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Slight Increase in U.S. Economic Confidence

Slight Increase in U.S. Economic Confidence

After a slight dip the previous week, Gallup's index recovers to -18

by Rebecca Riffkin

WASHINGTON, D.C. -- Gallup's U.S. Economic Confidence Index improved to -18 for the week ending March 16, after falling to -20 the prior week. Last week's index is comparable to several so far in 2014, and represents a continuation of Americans' negative economic outlook.

U.S. Economic Confidence Index, trend

After a dip in March 2013 as the federal government budget sequester began, Americans' economic confidence improved by the end of May to -3, the highest to date since just after the recession began, in 2008. However, it fell to -20 in September as partisan disagreement over the budget escalated in Congress, and fell further to -39 in October during the government shutdown. While confidence gradually recovered to -13 by the start of 2014, it has since languished, averaging -16 weekly so far in 2014.

The Gallup Economic Confidence Index is the average of two components: Americans' views on current economic conditions and their perceptions of whether the U.S. economy is getting better or worse. In the most recent polling, both measures improved slightly, resulting in an overall index score of -18.

Economic Confidence Index trend, by component, weekly averages

Nineteen percent of Americans said the economy was "excellent" or "good" in the most recent polling, while 37% said it was "poor." As has been the case since last May, more Americans said the economy was getting worse (56%) than getting better (39%).

Bottom Line

Americans continue to be more negative than positive about the economy. But they are currently somewhat less negative than they have been at other points since 2008, including during the fiscal crisis, periods of high unemployment, and government battles over the debt ceiling and trimming the federal budget. Still, Gallup's Economic Confidence Index is below the post-recession high of -3 from last May, and has stagnated so far in 2014 near its current level of -18. reports results from these indexes in daily, weekly, and monthly averages and in stories. Complete trend data are always available to view and export in the following charts:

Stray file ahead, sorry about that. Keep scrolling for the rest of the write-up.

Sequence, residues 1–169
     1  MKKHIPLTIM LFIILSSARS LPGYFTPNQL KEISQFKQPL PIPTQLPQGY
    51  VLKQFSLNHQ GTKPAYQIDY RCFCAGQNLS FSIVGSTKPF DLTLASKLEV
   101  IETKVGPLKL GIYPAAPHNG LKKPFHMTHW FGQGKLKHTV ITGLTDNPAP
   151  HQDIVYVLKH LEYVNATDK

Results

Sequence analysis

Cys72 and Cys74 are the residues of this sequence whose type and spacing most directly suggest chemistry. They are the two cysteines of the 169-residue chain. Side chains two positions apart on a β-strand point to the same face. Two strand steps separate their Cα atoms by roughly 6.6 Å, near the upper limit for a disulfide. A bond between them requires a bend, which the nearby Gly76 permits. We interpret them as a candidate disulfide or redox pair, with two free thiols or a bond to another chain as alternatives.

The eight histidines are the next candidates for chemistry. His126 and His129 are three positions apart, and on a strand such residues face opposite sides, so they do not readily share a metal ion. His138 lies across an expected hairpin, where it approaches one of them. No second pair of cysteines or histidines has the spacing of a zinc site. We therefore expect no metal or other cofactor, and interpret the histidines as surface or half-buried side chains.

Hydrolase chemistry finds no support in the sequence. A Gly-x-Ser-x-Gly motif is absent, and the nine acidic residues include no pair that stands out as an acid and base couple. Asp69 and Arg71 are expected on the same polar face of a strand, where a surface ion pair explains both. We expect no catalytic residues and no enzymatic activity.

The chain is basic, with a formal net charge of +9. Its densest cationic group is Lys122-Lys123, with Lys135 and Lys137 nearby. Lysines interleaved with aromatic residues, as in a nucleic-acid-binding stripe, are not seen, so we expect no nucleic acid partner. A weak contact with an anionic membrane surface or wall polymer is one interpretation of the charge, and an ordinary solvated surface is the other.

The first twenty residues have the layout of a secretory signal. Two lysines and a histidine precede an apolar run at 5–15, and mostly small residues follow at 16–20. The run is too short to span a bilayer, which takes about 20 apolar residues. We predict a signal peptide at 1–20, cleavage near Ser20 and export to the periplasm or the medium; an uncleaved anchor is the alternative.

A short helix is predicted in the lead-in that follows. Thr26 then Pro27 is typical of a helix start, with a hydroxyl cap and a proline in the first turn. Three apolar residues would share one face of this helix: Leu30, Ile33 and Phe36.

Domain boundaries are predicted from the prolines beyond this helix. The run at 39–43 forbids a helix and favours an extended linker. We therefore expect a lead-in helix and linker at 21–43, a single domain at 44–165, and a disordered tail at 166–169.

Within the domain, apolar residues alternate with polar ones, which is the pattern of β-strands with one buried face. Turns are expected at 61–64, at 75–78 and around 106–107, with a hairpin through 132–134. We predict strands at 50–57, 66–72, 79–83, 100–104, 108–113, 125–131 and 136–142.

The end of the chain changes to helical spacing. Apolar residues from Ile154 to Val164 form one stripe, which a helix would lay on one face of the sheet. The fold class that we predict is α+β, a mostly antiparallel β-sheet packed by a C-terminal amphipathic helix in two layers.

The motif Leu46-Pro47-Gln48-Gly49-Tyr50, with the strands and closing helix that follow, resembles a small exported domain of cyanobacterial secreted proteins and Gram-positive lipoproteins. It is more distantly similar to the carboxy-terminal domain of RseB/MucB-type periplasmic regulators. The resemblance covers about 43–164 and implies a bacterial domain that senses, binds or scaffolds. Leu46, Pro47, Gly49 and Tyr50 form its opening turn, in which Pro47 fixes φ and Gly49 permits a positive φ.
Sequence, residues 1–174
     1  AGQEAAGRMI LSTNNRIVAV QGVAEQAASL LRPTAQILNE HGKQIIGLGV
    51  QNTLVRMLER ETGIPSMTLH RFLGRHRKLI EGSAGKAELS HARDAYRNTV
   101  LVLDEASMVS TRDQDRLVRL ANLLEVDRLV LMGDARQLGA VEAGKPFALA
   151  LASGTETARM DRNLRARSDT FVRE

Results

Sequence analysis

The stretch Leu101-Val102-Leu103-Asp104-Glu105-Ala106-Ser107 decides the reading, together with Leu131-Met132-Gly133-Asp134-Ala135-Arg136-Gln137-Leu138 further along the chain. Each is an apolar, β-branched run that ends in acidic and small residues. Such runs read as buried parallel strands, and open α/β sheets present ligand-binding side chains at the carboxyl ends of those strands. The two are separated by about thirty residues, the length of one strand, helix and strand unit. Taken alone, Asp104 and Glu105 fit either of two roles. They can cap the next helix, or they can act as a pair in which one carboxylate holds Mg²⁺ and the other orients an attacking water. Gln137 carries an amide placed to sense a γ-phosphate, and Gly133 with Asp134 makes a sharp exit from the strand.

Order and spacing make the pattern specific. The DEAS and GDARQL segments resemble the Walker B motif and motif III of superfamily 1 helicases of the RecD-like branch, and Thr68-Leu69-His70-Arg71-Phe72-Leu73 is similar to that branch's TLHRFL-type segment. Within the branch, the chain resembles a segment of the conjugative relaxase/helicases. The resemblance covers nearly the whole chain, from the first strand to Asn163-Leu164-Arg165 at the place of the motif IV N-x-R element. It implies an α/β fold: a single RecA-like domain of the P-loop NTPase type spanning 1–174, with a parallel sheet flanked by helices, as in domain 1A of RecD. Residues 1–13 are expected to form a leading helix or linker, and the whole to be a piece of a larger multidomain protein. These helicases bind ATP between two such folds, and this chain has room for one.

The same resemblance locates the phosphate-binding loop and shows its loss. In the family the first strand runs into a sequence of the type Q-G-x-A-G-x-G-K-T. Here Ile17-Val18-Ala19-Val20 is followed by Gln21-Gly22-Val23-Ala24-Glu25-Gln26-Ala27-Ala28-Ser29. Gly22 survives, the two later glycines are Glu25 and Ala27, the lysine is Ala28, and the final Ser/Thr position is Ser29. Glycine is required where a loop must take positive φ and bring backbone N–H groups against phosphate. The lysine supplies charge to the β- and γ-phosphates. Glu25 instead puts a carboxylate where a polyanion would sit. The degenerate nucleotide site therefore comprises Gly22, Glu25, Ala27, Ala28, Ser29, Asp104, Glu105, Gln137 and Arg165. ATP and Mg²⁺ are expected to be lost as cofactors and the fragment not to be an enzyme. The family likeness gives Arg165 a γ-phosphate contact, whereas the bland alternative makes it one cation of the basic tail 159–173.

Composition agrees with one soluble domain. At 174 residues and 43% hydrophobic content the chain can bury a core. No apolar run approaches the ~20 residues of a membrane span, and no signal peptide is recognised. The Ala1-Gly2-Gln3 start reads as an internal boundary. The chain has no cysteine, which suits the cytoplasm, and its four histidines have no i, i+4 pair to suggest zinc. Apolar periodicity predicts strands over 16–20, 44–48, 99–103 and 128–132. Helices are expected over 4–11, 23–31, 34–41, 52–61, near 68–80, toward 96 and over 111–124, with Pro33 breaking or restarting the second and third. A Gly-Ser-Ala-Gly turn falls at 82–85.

Daily: Employment, Economic Confidence, Job Creation, Consumer Spending
Weekly: Employment, Economic Confidence, Job Creation, Consumer Spending

Read more about Gallup's economic measures.

View our economic release schedule.

Survey Methods

Results for this Gallup poll are based on telephone interviews conducted March 10-16, 2014, on the Gallup Daily tracking survey, with a random sample of 3,546 adults, aged 18 and older, living in all 50 U.S. states and the District of Columbia.

For results based on the total sample of national adults, the margin of sampling error is ±3 percentage points at the 95% confidence level.

Interviews are conducted with respondents on landline telephones and cellular phones, with interviews conducted in Spanish for respondents who are primarily Spanish-speaking. Each sample of national adults includes a minimum quota of 50% cellphone respondents and 50% landline respondents, with additional minimum quotas by time zone within region. Landline and cellular telephone numbers are selected using random-digit-dial methods. Landline respondents are chosen at random within each household on the basis of which member had the most recent birthday.

Samples are weighted to correct for unequal selection probability, nonresponse, and double coverage of landline and cell users in the two sampling frames. They are also weighted to match the national demographics of gender, age, race, Hispanic ethnicity, education, region, population density, and phone status (cellphone only/landline only/both, and cellphone mostly). Demographic weighting targets are based on the most recent Current Population Survey figures for the aged 18 and older U.S. population. Phone status targets are based on the most recent National Health Interview Survey. Population density targets are based on the most recent U.S. census. All reported margins of sampling error include the computed design effects for weighting.

In addition to sampling error, question wording and practical difficulties in conducting surveys can introduce error or bias into the findings of public opinion polls.

For more details on Gallup's polling methodology, visit

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